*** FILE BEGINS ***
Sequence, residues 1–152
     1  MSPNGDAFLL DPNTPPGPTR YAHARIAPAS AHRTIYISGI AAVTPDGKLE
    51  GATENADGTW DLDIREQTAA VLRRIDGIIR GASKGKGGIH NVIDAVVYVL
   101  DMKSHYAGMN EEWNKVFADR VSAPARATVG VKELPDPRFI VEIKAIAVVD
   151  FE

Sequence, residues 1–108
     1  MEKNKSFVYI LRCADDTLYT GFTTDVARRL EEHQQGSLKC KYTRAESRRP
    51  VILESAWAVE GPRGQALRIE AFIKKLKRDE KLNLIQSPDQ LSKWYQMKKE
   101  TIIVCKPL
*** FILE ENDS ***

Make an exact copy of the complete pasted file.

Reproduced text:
Sequence, residues 1–152
     1  MSPNGDAFLL DPNTPPGPTR YAHARIAPAS AHRTIYISGI AAVTPDGKLE
    51  GATENADGTW DLDIREQTAA VLRRIDGIIR GASKGKGGIH NVIDAVVYVL
   101  DMKSHYAGMN EEWNKVFADR VSAPARATVG VKELPDPRFI VEIKAIAVVD
   151  FE

Sequence, residues 1–108
     1  MEKNKSFVYI LRCADDTLYT GFTTDVARRL EEHQQGSLKC KYTRAESRRP
    51  VILESAWAVE GPRGQALRIE AFIKKLKRDE KLNLIQSPDQ LSKWYQMKKE
   101  TIIVCKPL